As a build up to this world cup, ESPNSTAR through all three of its channels, have been showing day and night previous world cup matches. There has been a similar overload of world cup history and the exploits winning 1983 team lead by Kapil Dev. All this nostalgia may be well and good, but it rings hollow with me to a large extent. As a kid, watching the 1983 Indian team defeat the mighty West Indies at Lord’s used to give me Goosebumps, but disappointment, time after time has even soured the memory of enjoying Kapil Dev running back a mile and taking a tough catch to dismiss Sir Vivian Richards at a crucial point. If you think about it, even if a person gets interested in cricket at a really young age, say 5-7, no one born after 1977-1978 really remembers or knows the feeling of India winning a World Cup. This leaves you with all Indian cricket fans below the age of approximately 33-34 who don’t know what it feels to see their team victorious at this tournament. In fact, it is this very age group of cricket lovers, who can’t really imagine any team but Australia winning the darn thing. They were champions in 1987, finalists in 1996, winners 1999, 2003 and 2007. So barring the 1992 tournament, ironically in Australia itself, the Australian team have all but once kicked everyone’s teeth in. I for one, fear not Pakistan or South Africa in a World Cup, I fear only Australia. So all this talk of the decline of the Australian team since 2007 doesn’t really give much comfort, the memory of the trouncing in the 2003 final is still fresh. The image of Ricky Ponting smashing the ball for a six time and time again into the stands at the Wanderers, has been burnt into every Indian cricket fans mind.
Ricky Ponting is still around, and so are a couple of the bowlers who he smashed to all corners on March 23, 2003. Zaheer Khan who has since become one of the finest fast bowlers in the world, went for 67 runs in 7 overs at an economy rate of 9.57 without a wicket. Ashish Nehra, who has made a comeback and made a good enough one to merit a world cup selection also bowled that day, he was the most economical bowler in the Indian side that day, giving away 57 runs in ten overs without a wicket. Harbhajan Singh, who took both Australian wickets that fell, went for 49 runs from his eight overs at an economy rate of 6.12. Granted Ricky Ponting’s prowess has waned since that fateful day, and the Indian Survivors from that final are now the stalwarts of a fantastic ODI side, yet will they be able to shrug off the ghosts of the past and exact revenge if presented with an opportunity.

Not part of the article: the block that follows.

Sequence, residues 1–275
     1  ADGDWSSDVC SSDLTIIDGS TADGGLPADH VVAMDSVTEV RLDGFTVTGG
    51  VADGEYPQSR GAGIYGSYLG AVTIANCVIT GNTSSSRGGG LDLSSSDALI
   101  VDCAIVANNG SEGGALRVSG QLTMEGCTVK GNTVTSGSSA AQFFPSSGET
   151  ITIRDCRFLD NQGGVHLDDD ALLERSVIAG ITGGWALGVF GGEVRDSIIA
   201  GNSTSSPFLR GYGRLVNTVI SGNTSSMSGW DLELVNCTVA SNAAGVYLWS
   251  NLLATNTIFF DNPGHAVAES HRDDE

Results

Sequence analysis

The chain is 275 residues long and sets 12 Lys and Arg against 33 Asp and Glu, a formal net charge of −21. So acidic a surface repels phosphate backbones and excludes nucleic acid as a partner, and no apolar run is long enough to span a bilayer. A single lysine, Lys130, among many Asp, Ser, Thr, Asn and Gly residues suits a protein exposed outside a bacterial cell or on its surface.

Another nemesis of India in World Cups since 1996, Sri Lanka, is one team whom no one should be taking lightly. If both Sri Lanka and India finish at the top of their respective groups, which is likely, they will not have to face each other till the final of the tournament if both manage to get that far. The last time the world cup was played in the Sub Continent it was won by Sri Lanka, defeating the Australians in the final. They were finalists in 2007 as well, where they were thoroughly outplayed just as India was in 2003, however, the core of that team survives in this edition as well, and a follow up performance at home is something I would not be betting against.
There is one thing the all the critics agree upon, that this is the most open world cup since 1999. In 2003 and 2007 it was a foregone conclusion that Australia were going to win, it was just a question of against whom and by how much. This time around, you would have a hard time picking the semi-finalists with a large degree of confidence or certainty. The cynic would say that the quality of cricket will be lower than in 2003 or 1999 due to the nature of the pitches, or the quality of cricket having gone down since then. However it is certain that this World Cup will display many more matches which go down to the last few balls, as there is precious little to choose between the top 5-6 teams. Let the cynic crib about the quality of cricket, but there can be no doubt that there will be high quality entertainment and drama on the world’s largest stage, and that has to be good for the health of the game. Here’s to hoping that the World Cup re-energizes the ODI format which has been taking a severe beating from entertaining T20 cricket and high quality test cricket and ends the debate as to whether all three formats of the game can co-exist side by side.